The park's on the large side, spread out along a kilometre of sloping foreshore, and divided into two very distinct halves. To the east nearest the ex-station are the older chalets, more shed-like than mobile, while to the east are more modern metallic cuboids. Families who like this sort of holiday are in abundance, most taking advantage of the onshore watery facilities (pool with flume) rather than having anything to do with the beach. You can see their point. From the greensward promenade the view is of grey estuary, passing ships and a thin strip that turns out to be Southend. Step down through a gap in the sea wall and the beach is, well, extensive, and might be sand or might be mud depending on how good a PR agency it's hired.
It's extremely hard to picture Allhallows-on-Sea as the best holiday resort in Europe, as Kent County Council and the railways and once hoped. Equally it's extremely hard to picture an artificial airport spread out for miles across the mudbanks and marshes, destroying the ancient landscape and dislocating the past. Intriguingly the eastern side of Allhallows was pencilled in as the terminus for the new High Speed railway, reopening a connection that lack of interest had formerly closed. But that's not going to happen now, except in Mayoral pipedreams, leaving this dead end oddity of a village to survive as best it can on estuarine charm.
How to get to Grain, Allhallows and Hoo: Take the train to Strood or Rochester, either fast from St Pancras or slow from Victoria. Then you'll need the 191 bus which runs approximately hourly most days, but only two-hourly on Sundays. The route twists to take in every sizeable village along the way, so the bus takes all of an hour to reach Grain at the tip of the peninsula. But the double deckers afford an excellent grandstand view across the landscape, and there probably won't be anyone battling you for the front seat. A Medway saver ticket costs £6, allowing you to nip off as the fancy takes you, which is how I got to visit Grain and Allhallows before lunchtime, and then take a walk in the afternoon...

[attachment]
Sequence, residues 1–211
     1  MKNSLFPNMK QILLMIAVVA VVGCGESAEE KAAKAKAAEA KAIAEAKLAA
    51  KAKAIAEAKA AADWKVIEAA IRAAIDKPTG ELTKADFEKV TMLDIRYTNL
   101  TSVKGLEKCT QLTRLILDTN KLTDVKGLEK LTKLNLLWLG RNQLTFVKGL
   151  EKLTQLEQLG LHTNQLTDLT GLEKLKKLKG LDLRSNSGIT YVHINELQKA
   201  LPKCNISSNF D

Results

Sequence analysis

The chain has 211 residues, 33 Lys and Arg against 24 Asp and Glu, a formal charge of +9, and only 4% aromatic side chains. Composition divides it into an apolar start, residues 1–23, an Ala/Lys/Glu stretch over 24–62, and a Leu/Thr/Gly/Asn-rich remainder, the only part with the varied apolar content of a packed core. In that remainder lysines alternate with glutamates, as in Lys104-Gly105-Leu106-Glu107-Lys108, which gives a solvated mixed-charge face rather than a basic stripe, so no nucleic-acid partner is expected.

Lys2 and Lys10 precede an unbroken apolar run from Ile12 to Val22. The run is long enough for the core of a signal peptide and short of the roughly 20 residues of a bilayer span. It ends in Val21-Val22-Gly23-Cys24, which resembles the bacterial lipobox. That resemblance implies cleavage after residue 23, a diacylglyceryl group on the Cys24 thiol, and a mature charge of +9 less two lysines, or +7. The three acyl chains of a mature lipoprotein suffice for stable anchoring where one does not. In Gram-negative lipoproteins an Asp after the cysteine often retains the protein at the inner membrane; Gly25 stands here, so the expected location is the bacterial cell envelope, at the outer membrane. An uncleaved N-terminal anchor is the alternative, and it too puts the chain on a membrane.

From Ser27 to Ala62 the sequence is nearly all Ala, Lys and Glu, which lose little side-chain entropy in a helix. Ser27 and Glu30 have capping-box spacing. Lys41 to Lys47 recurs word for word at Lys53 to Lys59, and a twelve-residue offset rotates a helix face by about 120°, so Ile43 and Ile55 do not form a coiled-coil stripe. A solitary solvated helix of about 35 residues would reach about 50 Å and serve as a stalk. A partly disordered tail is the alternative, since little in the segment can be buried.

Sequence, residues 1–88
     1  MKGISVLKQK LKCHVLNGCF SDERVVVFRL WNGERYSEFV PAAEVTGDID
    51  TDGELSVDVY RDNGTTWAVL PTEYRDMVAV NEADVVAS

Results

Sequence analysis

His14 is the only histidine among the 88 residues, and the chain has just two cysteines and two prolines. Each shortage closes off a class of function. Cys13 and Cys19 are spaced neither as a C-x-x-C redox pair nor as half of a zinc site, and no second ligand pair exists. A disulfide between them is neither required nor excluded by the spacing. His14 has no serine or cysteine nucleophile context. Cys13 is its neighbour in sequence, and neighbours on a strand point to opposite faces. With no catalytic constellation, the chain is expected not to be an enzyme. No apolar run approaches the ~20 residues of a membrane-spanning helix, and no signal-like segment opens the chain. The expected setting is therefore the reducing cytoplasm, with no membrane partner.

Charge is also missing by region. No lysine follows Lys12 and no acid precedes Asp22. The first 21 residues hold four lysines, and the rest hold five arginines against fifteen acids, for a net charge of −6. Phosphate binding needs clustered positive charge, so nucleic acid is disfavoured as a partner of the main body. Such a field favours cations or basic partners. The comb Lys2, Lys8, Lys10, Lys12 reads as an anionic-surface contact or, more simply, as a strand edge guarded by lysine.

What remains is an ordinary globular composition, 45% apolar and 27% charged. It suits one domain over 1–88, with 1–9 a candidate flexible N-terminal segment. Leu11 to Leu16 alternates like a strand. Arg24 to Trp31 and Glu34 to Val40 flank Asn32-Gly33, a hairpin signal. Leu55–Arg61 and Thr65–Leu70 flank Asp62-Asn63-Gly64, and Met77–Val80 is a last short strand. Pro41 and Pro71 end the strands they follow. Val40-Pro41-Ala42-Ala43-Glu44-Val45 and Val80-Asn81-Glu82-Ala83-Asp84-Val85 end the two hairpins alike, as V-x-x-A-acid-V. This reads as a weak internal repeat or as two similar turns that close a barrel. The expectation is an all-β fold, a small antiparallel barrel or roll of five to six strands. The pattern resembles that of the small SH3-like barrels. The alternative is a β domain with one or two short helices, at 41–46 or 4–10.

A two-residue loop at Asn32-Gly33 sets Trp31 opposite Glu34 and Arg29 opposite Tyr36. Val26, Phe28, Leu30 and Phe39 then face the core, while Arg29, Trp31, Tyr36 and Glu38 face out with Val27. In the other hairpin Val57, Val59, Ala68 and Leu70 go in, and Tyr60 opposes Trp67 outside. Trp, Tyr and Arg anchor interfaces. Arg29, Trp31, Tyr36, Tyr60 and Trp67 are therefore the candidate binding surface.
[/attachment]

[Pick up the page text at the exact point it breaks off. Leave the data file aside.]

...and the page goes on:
High Halstow to Cliffe(5 miles)(11 photos): One terribly impressive thing about even the smallest village on the Hoo Peninsula is that they all have clean, open, functioning toilets. They also all have old churches, and are mostly named after them, although not the 10th century survivor in High Halstow. This village is located at the highest point on the peninsula, and lies adjacent to a large RSPB reserve at Northward Hill which supposedly has the largest heronry in Britain. I saw no herons on my woodland wander, but I did catch a ghastly mis-carved apostrophe, and was amazed to spot Docklands and the Shard rising faintly on the horizon. The next village along is Cooling, one of Charles Dickens' favourites, and he took regular constitutionals to the church. Outside the main door are a dozen baby-sized gravestones which inspired the opening to Great Expectations, and are known colloquially as Pip's Graves. The church is now redundant, but that's good news for the visitor because a charitable trust keeps it maintained and open. At the western end of the village is CoolingCastle, once overlooking the estuary, now two miles inland. Its impressive gateway survives, while the interior contains a more modern dwelling currently owned by none other than Jools Holland. Across the fields, past orchards dripping with excess pears, lies the ancient settlement of Cliffe. This consists of one long street along a low chalk escarpment, leading to one of the largest parish churches in Kent at its tip. Had Boris's Estuary Airport been built then residents here would have been first in line of fire from the southern flightpath, although that's far better than under a previous plan whereby the airport was located on top of Cliffe rather than Grain. As it is, the whole of Hoo can continue in peaceful obscurity, at least until some other dreamer with a grand plan turns up.